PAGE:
Mechanisms of Nuclear Reactions

James Richard Fromm


Nuclear reactions can be of many types, but chemists generally need consider only a few of them. In this section we consider the three basic forms of nuclear decay known as alpha emission, beta emission, and gamma emission. Two forms of energetic nuclear reactions, nuclear fission and nuclear fusion, and some of their consequences are discussed in a later section.

Alpha Emission

The emission of alpha radiation, which we now know is the emission of an alpha particle or helium nucleus 4He, is one of the common pathways by which a radioactive isotope can decay to a stable isotope. The atomic number of the nucleus decreases by two and the atomic mass decreases by four. The kinetic energy of the helium nucleus emitted as alpha radiation is large by chemical standards and will cause secondary reactions in molecules impacted by the helium nucleus. Alpha radiation is therefore damaging, but it is not penetrating; alpha radiation can be stopped by a sheet of paper, a short distance in air, or human skin. Alpha sources are very dangerous if their contents are breathed or consumed, because then the decaying nuclei are within the body and, short-range or not, can be highly destructive of human tissue. Plutonium is dangerous in this way, because the artificially produced isotope plutonium-239 is an alpha emitter; its decay reaction is

239Pu rarrow.gif (63 bytes) 4He + 235U.

Beta Emission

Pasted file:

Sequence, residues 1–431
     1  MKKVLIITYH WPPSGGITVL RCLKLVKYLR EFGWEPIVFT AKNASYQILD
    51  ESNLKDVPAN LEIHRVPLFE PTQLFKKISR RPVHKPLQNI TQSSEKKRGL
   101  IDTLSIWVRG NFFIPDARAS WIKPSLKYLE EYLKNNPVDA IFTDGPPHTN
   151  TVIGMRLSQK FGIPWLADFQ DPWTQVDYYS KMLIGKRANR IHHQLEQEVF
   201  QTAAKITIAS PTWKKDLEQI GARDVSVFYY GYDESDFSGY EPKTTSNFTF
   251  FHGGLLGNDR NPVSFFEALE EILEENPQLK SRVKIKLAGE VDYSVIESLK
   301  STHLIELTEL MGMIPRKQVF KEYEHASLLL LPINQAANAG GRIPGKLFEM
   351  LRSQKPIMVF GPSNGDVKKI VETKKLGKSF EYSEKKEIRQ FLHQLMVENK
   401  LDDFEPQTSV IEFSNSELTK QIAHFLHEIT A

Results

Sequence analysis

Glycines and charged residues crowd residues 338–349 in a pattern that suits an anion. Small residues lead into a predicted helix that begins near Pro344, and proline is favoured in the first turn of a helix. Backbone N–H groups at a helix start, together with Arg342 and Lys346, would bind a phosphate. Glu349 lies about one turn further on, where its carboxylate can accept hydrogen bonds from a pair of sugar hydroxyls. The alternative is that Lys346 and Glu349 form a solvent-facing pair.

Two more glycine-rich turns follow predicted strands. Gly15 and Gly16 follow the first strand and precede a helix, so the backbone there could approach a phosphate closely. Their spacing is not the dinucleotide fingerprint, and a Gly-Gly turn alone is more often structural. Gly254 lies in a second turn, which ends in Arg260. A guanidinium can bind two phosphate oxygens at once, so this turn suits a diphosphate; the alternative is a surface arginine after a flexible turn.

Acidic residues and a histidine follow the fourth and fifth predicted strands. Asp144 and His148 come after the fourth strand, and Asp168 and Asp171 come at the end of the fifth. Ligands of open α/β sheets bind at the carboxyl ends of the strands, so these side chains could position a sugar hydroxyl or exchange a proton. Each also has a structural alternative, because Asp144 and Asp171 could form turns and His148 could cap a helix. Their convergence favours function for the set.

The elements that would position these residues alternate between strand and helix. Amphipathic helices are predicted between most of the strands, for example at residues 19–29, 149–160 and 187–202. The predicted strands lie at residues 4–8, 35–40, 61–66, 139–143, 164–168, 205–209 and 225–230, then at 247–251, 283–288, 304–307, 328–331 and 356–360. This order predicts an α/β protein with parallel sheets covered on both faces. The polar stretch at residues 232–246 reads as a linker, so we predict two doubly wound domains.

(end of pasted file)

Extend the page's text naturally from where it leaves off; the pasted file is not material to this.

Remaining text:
The emission of a beta particle, or beta radiation, is the emission of a very energetic electron from the nucleus of an atom. The emission of a beta particle has the effect of leaving the nuclear mass unchanged but increasing the nuclear charge by one, and so the element produced by beta decay is one column to the right in the periodic chart from the original element. For this reason beta decay is sometimes considered to be the transformation of one neutron into a proton and an electron, even though that is an oversimplified picture of what actually occurs in the nucleus. Carbon-14 is one of the radioactive isotopes which undergo beta decay; its decay reaction is

14C rarrow.gif (63 bytes) 14N + 0e-.

Beta radiation is somewhat more penetrating than is alpha radiation.

Gamma Emission

Emission of gamma radiation is the emission of very high-energy photons, not the emission of particles. Many alpha and beta emissions are accompanied by gamma emissions because the nucleus loses excess energy through gamma radiation. The alpha emission reaction

238U rarrow.gif (63 bytes) 4He + 234Th + 2hv

involves emission of two photons of gamma radiation, of different energies, in addition to the emission of the energetic alpha particle.

Gamma radiation is both highly destructive and highly penetrating. Gamma radiation can only be stopped by meter-thick shields of a dense material such as lead or even thicker shields of concrete. Very high-energy gamma radiation, called cosmic radiation, comes to earth continually from distant regions of outer space. Cosmic radiation has sufficient energy to penetrate many kilometers of rock.


Copyright 1997 James R. Fromm